A member of the House of Representatives represents an ‘electorate’, that is, a particular geographic area each made up of a certain population size’. This is in contrast to the Senate, in which Senators represent a state or territory”.


People who have the right to participate in an election and choose to do so.

exclusive power (of the Constitution)

The sole right, given by the Constitution, of the federal Parliament, as opposed to state parliaments, to legislate on certain subjects; ; for example, the exclusive power vested in the Commonwealth Parliament under s 90 of the Australian Constitution to make laws on customs and excise.

Executive (Fact sheet 13: Executive Power Overview).

The branch of government which carries out or administers the laws. It comprises the Governor-General (or Governor at the state level), the ministry and the public service. The Executive Government is described in Chapter 11 of the Australian Constitution.

Express Rights

The Australian Constitution does contain a few, scattered rights such as freedom of religion and trial by jury.

Federal Executive Council

A constitutional mechanism for providing ministerial advice to the Governor-General. The Federal Executive Council, which is comprised of ministers and presided over by the Governor-General (or Governor, at the state level) meets to advise the Governor-General (or Governor) to formally make certain decisions that have often been determined by the Cabinet. The Governor-General can also make regulations that might have only been approved by a Minister. Once approved, decisions are given effect by the public service.


A principle of government, which defines a relationship between the central government at the national level and its constituent units at the regional, state or local levels. In Australia, federalism is the division of powers between the federal government and the states. The Commonwealth effectively has pleanary power with respect to the Territories.


The forming of a nation by the union of a number of states, each of which retains some power to govern itself, while ceding some powers to a national government. In Australia, federation refers to the creation of a single nation in 1901 by the joining together of New South Wales, Victoria, South Australia, Queensland, Western Australia and Tasmania to be known as the Commonwealth of Australia.


The right to vote.


The group of people with the authority to govern a country or state, a particular ministry in office.

Governor-General (Fact sheet 15: The powers and role of the Governor-General).

A representative of the monarch at the federal level in Australia, the Governor-General exercises most of the monarch’s powers. Other powers are conferred upon the Governor-General by the Constitution and statutes. In exercising their powers, the Governor-General is bound by convention to act on advice of his or her responsible ministers, except in relation to reserve powers.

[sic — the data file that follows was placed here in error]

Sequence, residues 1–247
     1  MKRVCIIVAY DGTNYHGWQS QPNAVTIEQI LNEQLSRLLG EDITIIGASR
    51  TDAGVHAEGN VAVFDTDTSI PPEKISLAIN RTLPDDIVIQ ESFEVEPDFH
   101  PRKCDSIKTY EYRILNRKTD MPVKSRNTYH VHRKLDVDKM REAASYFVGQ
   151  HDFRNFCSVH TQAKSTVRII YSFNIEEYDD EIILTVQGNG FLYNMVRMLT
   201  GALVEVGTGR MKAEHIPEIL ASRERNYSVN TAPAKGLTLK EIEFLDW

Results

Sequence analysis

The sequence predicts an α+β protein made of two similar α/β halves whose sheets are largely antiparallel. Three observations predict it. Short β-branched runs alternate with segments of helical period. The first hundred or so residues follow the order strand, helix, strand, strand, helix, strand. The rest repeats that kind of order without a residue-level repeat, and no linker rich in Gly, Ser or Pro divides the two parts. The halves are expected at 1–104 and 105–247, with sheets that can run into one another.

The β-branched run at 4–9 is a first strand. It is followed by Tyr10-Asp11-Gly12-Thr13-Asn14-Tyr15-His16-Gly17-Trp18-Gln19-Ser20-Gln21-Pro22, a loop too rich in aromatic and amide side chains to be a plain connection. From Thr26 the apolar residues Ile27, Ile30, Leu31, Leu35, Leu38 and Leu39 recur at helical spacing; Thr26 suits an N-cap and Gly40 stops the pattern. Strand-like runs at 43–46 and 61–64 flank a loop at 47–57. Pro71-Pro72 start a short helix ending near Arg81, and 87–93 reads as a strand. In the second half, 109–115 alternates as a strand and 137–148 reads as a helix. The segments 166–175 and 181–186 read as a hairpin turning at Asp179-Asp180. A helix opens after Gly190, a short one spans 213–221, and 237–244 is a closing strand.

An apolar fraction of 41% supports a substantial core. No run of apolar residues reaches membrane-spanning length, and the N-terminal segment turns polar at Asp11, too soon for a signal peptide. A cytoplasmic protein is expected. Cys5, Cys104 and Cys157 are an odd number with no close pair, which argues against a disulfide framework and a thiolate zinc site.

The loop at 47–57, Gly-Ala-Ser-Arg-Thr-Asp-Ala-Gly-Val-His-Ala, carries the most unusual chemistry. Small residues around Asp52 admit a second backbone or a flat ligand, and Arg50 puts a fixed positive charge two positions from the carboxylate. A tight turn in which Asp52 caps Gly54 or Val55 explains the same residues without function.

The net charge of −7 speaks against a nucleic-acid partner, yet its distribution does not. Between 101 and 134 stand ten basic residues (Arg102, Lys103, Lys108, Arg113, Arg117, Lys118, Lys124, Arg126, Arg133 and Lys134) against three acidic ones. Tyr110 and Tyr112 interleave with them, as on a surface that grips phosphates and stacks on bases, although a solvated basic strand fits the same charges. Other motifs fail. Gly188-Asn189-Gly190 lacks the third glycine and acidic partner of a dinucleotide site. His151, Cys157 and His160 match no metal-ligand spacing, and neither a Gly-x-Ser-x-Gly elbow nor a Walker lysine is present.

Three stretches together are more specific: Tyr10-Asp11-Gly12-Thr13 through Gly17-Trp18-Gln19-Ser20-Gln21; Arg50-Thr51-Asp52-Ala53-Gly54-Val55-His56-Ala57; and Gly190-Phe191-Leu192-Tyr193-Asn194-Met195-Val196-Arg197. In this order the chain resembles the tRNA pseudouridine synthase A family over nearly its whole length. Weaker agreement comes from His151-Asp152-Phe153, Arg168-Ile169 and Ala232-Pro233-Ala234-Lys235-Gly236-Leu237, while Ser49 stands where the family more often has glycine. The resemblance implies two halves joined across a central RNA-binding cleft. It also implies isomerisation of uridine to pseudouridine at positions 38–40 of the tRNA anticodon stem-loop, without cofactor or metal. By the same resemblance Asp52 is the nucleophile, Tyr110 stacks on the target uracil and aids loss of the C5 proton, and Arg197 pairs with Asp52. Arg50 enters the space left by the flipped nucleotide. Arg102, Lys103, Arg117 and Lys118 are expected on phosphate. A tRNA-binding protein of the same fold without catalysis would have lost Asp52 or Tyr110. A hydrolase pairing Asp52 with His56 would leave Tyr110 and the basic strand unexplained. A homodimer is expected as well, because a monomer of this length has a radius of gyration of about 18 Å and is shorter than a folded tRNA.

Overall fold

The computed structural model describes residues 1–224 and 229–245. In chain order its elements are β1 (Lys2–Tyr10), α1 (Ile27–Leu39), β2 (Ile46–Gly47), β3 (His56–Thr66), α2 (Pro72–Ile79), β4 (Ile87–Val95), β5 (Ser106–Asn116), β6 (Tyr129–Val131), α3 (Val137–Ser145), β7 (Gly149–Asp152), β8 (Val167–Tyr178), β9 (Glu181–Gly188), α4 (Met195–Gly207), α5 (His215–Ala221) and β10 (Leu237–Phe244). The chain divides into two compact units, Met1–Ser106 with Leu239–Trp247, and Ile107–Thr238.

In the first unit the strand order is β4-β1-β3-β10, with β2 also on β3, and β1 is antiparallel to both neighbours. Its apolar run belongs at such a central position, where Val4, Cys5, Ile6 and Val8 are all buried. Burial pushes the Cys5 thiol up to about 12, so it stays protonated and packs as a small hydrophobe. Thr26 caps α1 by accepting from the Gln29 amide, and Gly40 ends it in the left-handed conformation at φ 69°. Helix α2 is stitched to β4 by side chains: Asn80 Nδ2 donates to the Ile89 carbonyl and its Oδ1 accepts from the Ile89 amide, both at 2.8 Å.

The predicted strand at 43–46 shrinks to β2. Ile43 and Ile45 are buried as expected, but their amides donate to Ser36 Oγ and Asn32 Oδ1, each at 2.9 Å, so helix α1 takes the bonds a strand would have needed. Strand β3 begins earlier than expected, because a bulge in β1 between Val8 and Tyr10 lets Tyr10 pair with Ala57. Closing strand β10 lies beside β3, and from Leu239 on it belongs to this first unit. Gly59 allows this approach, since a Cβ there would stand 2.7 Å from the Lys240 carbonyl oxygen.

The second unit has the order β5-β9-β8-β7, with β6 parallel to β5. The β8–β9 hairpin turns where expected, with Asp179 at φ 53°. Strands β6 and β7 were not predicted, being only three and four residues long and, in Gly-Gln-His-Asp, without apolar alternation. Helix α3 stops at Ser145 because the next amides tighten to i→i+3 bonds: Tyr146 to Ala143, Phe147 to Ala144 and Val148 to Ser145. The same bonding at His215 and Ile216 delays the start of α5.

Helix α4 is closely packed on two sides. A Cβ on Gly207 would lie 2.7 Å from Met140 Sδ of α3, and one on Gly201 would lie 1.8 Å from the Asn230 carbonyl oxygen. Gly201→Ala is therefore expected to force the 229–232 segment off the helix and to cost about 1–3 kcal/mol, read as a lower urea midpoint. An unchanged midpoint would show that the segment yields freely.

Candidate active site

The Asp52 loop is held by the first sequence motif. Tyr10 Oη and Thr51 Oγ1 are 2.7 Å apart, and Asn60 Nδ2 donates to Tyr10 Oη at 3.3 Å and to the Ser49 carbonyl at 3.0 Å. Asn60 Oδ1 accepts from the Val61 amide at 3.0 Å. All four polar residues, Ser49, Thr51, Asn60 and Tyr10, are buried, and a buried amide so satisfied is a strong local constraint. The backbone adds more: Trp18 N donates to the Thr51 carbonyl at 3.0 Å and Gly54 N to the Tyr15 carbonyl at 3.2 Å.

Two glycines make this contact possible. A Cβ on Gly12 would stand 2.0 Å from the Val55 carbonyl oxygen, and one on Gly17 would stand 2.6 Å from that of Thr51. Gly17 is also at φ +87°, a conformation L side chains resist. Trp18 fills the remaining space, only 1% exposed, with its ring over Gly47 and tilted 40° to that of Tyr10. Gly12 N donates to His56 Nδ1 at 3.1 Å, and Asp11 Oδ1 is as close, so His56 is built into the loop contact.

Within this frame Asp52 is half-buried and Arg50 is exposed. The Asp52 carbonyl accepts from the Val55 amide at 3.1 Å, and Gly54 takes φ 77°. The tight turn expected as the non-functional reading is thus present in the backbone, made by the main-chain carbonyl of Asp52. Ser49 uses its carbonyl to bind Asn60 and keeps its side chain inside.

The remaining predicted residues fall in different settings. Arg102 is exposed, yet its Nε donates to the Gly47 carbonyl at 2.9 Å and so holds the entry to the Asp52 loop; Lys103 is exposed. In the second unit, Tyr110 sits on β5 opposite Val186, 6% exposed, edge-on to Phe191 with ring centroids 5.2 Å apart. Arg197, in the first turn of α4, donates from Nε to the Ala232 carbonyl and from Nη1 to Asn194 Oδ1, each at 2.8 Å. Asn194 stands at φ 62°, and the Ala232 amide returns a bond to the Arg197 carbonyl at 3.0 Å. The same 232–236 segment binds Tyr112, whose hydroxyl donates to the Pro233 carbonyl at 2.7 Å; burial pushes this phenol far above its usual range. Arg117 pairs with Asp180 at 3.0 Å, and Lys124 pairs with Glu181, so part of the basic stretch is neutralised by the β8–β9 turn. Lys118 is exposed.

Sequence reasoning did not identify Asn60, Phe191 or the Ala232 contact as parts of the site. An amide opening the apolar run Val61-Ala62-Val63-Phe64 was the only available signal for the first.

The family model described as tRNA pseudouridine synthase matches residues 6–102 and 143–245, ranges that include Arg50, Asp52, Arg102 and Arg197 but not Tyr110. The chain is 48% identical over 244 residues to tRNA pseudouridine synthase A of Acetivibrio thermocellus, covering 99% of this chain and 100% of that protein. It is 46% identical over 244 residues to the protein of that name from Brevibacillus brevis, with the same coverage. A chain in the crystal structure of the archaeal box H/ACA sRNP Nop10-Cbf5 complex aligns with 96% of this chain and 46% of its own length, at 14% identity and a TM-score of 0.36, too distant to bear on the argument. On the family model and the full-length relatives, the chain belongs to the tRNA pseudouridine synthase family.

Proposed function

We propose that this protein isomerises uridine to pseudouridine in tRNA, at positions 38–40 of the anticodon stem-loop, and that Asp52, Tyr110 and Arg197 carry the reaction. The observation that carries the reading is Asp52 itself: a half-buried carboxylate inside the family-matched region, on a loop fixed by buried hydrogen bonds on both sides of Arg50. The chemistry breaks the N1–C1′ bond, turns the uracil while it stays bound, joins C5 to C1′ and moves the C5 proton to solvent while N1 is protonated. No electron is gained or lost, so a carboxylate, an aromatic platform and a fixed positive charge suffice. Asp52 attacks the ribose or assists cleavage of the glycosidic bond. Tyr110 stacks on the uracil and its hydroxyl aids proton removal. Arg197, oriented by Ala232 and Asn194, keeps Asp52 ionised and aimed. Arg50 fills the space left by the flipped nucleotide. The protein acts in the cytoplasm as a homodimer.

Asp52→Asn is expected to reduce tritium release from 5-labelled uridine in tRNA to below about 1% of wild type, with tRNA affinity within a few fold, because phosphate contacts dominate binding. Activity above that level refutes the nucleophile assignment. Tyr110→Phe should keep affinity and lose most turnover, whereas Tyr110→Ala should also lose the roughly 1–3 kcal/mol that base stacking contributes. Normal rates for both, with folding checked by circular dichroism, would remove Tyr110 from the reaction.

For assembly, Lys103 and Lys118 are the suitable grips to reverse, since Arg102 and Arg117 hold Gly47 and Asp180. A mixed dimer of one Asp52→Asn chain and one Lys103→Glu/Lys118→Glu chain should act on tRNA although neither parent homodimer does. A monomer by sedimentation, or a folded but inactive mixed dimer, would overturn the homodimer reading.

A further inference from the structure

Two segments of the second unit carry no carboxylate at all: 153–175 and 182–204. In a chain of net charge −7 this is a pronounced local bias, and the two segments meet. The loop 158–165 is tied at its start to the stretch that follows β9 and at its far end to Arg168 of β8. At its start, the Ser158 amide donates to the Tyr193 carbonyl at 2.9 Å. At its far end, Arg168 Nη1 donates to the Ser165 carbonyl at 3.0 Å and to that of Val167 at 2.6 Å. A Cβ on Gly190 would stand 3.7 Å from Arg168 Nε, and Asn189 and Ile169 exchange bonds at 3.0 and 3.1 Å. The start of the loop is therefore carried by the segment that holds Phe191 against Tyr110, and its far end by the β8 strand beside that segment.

House of Representatives (Fact sheet 11: Parliament-the roles and powers of the Houses).

One of the two houses of the Federal Parliament of Australia, whose Members are elected by an represent geographical areas of Australia known as electorates.

Implied rights

Implied rights are not expressly stated in the Constitution but are entailed by its text and structure. This includes for example, the implied right of political communication, which prohibits (in certain contexts) the Parliament of the Commonwealth or the states and territories from making laws that impermissibly restrict political communication. Implied rights are found by the Justices of the High Court by ‘reading between the lines’ of the Constitution.

joint sitting (of the two houses)

A rare meeting of both houses of Parliament together following a ‘double dissolution’ election to make a decision on a proposed law which the two houses, sitting separately, have been unable to agree on.

judiciary (Fact sheet 19: Protecting the independence of the Judiciary).

The judicial authorities of a country, judges collectively who in Australia work in the system of courts that adjudicate legal disputes, and interprets and applies the law, It is the third independent limb of Government set up under the separation of powers. Under the Australian Constitution, the judiciary is comprised of the Courts, where the judges interpret legislation made by the Parliament, and resolve disputes including about decisions of Government, but also between private parties. The Judicature is described in Chapter 111 of the Australian Constitution.


A body of people who are citizens (typically twelve in number) sworn to give a verdict in a legal case on the basis of evidence submitted to them in court.


A system of rules that a particular country or community recognises as regulating the actions of its members and which it may enforce by an imposition of penalties and sanctions. In Australia, the law comprises of Acts of parliament and the common law.